So I definitely would not recommend using hydroquinone with any of the new resorcinol skin lightening treatments, including Clarins Vital Light Serum and philosophy� Miracle Worker� Dark Spot Corrector�(shown above).�While I love these products on their own, I would not recommend combining them with any treatments containing hydroquinone, even for those with lighter skin types.
4.) Do NOT get hydroquinone anywhere near your eyes.
Despite popular belief that hydroquinone may cause cancer, hydroquinone’s most serious human health effect is pigmentation of the eye and permanent corneal damage (Journal of the European Academy of Dermatology and Venearology, 2006). While this only occurs when the eye is directly exposed to hydroquinone, it is still a risk factor. It is therefore vitally important to avoid the eye area in applying hydroquinone-based creams.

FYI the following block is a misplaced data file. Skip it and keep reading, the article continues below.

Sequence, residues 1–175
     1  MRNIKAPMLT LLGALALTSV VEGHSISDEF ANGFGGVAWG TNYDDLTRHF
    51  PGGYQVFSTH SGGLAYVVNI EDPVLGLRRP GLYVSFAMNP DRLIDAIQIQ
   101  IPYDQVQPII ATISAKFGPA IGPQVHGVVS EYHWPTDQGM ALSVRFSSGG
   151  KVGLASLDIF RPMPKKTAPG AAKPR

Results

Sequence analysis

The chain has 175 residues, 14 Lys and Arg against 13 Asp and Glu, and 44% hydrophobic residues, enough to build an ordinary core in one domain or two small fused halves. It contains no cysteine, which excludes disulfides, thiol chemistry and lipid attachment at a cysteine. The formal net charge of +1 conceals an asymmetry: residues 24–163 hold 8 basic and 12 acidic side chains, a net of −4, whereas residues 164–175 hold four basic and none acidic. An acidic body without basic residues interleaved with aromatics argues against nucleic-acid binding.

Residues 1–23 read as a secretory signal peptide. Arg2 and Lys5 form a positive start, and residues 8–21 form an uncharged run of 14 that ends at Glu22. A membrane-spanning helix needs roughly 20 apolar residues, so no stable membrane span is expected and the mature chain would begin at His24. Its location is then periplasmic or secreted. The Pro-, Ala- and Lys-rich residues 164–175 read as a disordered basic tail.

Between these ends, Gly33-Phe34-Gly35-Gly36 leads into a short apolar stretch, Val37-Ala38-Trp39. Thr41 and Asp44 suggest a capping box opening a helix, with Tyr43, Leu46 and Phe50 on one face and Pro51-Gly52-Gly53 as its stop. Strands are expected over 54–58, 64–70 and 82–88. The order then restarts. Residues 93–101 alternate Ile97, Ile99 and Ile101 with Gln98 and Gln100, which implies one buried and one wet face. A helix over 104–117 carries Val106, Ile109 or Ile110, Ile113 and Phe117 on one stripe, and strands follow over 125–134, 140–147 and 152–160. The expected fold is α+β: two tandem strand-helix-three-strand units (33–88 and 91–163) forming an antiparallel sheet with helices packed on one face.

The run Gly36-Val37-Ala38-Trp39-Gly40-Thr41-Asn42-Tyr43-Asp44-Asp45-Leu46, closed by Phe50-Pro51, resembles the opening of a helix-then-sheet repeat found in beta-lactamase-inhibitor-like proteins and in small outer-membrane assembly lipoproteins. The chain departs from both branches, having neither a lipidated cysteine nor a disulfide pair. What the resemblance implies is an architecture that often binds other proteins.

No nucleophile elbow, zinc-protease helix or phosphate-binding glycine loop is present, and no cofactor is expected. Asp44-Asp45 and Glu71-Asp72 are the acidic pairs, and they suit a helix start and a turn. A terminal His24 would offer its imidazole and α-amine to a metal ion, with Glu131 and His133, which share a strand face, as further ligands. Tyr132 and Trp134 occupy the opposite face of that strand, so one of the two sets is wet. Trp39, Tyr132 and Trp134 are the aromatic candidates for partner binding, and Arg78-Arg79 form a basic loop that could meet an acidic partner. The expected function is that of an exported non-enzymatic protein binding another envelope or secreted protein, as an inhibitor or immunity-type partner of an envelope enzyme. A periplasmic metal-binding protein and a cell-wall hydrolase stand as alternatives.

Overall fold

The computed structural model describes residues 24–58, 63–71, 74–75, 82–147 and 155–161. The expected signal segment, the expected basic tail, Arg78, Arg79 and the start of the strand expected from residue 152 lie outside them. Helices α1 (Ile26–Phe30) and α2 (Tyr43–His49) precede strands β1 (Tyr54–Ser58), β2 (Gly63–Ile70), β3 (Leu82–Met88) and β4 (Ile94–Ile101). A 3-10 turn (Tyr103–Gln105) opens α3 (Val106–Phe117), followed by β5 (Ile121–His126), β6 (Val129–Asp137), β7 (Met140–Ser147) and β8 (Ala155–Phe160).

5.) Hydroquinone has NOT been directly linked to cancer in humans – only mice.
Some believe that hydroquinone may cause cancer. This is false. How this rumor arose stems from a study that demonstrated mice exposed to hydroquinone developed liver tumors. However, these results were reported in a misleading fashion, as dermatological experts explained in a 2006 review in the Journal of the American Academy of Dermatology:
Instead of being harmful to the skin, hydroquinone increased the number of benign (non-cancerous) liver tumors, reducing the proportion of cancerous liver tumors in the mouse, showing a protective effect of hydroquinone. (For you science buffs out there, there was an increase in hepatic adenomas and a decrease in hepatocellular carcinomas).